Mary Mallon was born in 1869 in Cookstown, County Tyrone, in what is now Northern Ireland. She emigrated to the United States in 1883. She lived with her aunt and uncle for a time and later found work as a cook for affluent families. From 1900 to 1907, Mallon worked as a cook in the New York City area for seven families. In 1900, she worked in Mamaroneck, New York, where, within two weeks of her employment, residents developed typhoid fever. In 1901, she moved to Manhattan, where members of the family for whom she worked developed fevers and diarrhea, and the laundress died. Mallon then went to work for a lawyer. She left after 7 of the 8 people in that household became ill. In 1906, she took a position in Oyster Bay, Long Island, and within two weeks 10 of the 11 family members were hospitalized with typhoid. She changed jobs again, and similar occurrences happened in three more households. She worked as a cook for the family of a wealthy New York banker, Charles Henry Warren. When the Warrens rented a house in Oyster Bay for the summer of 1906, Mallon went along too. From August 27th to September 3rd, 6 of the 11 people in the family came down with typhoid fever. The disease at that time was “unusual” in Oyster Bay, according to three medical doctors who practiced there. Mallon was subsequently hired by other families, and outbreaks followed her.

In late 1906, one family hired a typhoid researcher named George Soper to investigate. Soper published the results on June 15th, 1907, in the Journal of the American Medical Association. He believed Mallon might be the source of the outbreak. He wrote:

It was found that the family changed cooks on August 4. This was about three weeks before the typhoid epidemic broke out. She remained in the family only a short time, leaving about three weeks after the outbreak occurred. The cook was described as an Irish woman about 40 years of age, tall, heavy, single. She seemed to be in perfect health.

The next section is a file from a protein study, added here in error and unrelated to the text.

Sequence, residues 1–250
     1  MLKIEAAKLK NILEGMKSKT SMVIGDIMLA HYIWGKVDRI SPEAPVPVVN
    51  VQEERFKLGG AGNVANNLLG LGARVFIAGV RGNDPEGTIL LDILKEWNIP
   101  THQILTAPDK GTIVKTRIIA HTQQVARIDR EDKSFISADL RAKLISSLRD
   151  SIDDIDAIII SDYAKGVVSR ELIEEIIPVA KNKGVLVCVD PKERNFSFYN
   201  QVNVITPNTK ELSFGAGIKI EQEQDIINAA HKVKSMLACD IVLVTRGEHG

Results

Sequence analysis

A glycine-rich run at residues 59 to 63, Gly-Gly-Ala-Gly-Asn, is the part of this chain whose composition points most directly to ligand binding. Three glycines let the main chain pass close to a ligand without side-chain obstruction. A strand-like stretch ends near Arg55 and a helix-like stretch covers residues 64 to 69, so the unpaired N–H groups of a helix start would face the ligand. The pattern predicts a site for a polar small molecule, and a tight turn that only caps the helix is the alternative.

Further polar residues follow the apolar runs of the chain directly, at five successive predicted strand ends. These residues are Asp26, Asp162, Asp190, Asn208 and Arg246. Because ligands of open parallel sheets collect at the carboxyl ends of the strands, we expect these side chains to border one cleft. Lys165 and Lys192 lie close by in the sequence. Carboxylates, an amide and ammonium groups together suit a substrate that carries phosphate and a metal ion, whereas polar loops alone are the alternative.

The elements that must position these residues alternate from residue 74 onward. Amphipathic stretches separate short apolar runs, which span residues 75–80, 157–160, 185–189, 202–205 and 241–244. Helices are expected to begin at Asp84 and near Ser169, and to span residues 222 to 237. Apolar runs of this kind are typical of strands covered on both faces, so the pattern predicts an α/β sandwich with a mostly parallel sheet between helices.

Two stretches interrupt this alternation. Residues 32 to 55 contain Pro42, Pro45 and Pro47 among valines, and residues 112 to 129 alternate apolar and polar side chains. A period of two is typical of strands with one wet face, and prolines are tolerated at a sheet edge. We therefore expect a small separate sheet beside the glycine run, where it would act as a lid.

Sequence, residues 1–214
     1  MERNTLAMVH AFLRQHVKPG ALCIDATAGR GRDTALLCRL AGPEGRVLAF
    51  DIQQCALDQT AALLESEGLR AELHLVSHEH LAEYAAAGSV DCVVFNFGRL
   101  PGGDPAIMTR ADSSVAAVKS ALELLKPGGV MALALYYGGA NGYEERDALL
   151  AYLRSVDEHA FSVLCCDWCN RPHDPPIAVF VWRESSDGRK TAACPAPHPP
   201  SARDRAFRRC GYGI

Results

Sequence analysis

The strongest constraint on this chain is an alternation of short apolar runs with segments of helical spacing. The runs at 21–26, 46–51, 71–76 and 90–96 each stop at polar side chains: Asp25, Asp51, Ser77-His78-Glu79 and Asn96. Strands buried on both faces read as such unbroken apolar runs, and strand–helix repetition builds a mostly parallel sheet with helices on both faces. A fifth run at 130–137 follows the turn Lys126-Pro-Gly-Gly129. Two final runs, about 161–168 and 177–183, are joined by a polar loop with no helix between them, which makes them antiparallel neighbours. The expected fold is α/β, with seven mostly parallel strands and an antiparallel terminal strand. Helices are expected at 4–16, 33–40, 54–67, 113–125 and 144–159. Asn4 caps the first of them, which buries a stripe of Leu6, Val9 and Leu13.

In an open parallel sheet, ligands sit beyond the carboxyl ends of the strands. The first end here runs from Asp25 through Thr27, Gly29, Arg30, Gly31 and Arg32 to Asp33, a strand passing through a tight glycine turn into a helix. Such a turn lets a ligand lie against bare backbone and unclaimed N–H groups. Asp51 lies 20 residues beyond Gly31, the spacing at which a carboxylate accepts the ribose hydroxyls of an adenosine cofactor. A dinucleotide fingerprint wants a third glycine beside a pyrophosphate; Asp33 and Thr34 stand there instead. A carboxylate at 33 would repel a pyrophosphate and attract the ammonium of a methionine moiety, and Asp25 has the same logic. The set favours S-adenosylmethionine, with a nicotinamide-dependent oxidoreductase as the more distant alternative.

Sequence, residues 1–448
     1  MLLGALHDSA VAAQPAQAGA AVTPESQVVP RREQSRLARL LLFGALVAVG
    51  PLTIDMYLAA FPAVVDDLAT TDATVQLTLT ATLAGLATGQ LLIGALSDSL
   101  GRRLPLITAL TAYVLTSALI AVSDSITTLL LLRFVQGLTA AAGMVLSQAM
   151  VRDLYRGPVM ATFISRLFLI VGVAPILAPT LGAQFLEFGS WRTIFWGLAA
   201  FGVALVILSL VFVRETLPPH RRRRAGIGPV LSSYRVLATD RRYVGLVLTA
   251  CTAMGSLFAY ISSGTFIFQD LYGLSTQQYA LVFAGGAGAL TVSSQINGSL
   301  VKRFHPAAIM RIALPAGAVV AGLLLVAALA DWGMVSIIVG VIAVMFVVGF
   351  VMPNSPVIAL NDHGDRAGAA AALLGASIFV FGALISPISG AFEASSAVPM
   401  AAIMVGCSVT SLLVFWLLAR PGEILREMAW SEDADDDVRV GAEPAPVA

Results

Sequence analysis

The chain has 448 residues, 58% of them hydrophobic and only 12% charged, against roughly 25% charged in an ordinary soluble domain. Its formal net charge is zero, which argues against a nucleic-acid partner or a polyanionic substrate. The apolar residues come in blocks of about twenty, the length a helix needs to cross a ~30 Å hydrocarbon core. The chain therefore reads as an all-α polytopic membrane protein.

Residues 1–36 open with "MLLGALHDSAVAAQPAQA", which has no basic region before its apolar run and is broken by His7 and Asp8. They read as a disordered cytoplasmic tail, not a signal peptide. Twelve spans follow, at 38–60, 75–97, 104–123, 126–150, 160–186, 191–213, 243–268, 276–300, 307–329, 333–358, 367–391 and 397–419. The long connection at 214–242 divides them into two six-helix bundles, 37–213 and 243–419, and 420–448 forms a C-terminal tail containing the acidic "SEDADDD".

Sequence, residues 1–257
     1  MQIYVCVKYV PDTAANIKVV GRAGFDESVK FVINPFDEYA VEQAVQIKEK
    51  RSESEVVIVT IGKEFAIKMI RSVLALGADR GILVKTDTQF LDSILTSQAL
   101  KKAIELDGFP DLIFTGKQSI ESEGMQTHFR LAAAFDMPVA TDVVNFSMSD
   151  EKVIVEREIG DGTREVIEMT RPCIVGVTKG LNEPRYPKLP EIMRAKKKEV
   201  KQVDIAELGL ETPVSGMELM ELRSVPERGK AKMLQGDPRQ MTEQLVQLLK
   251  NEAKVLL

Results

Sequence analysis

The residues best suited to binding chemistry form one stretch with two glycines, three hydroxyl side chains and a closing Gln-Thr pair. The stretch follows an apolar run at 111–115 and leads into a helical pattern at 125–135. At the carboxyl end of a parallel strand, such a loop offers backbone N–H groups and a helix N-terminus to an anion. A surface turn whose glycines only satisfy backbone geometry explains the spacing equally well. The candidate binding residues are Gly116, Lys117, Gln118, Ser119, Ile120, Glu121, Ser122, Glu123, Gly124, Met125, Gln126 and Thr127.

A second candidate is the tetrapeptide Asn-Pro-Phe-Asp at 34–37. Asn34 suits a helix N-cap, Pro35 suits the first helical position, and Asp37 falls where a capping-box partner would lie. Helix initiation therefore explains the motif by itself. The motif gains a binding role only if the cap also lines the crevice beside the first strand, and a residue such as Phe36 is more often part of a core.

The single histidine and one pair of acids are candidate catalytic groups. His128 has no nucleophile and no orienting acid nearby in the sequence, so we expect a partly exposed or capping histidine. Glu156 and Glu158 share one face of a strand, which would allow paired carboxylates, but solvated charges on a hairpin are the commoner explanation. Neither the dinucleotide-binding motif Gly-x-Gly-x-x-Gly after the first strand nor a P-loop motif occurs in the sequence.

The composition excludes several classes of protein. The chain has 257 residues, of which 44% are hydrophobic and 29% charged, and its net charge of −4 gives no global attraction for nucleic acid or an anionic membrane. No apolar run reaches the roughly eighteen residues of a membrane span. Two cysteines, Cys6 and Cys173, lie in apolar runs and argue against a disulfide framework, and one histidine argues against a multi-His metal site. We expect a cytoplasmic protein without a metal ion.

Soper discovered that a female Irish cook, who fit the physical description he was given, was involved in all of the outbreaks. He was unable to locate her because she generally left after an outbreak began, without giving a forwarding address. Soper learned of an active outbreak in a penthouse on Park Avenue, and discovered Mallon was the cook. Two of the household’s servants were hospitalized, and the daughter of the family died of typhoid. When Soper approached Mallon about her possible role in spreading typhoid, she adamantly rejected his request for urine and stool samples. Since Mallon refused to give samples, he decided to compile a five-year history of Mallon’s employment. Soper found that of the 8 families that hired Mallon as a cook, members of 7 claimed to have contracted typhoid fever. On his next visit, he brought another doctor with him but again was turned away. During a later encounter when Mallon was herself hospitalized, he told her he would write a book and give her all the royalties. She angrily rejected his proposal and locked herself in the bathroom until he left.

The New York City Health Department finally sent physician Sara Josephine Baker to talk to Mallon. Baker stated “by that time she was convinced that the law was only persecuting her when she had done nothing wrong.” A few days later, Baker arrived at Mallon’s workplace with several police officers, who took her into custody. Mallon attracted so much media attention that she was called “Typhoid Mary” in a 1908 issue of the Journal of the American Medical Association. Later, in a textbook that defined typhoid fever, she was again called “Typhoid Mary.”

Mallon admitted poor hygiene, saying she did not understand the purpose of hand-washing because she did not pose a risk. In prison, she was forced to give stool and urine samples. Authorities suggested removing her gallbladder because they believed typhoid bacteria resided there. However, she refused as she did not believe she carried the disease. She was also unwilling to cease working as a cook. The New York City Health Inspector determined her to be a carrier. Under sections 1169 and 1170 of the Greater New York Charter, Mallon was held in isolation for three years at a clinic located on North Brother Island.

Eventually, Eugene H. Porter, the New York State Commissioner of Health, decided that disease carriers should no longer be kept in isolation and that Mallon could be freed if she agreed to stop working as a cook and take reasonable steps to prevent transmitting typhoid to others. On February 19th, 1910, Mallon agreed that she was “prepared to change her occupation (that of a cook), and would give assurance by affidavit that she would upon her release take such hygienic precautions as would protect those with whom she came in contact, from infection.” She was released from quarantine and returned to the mainland.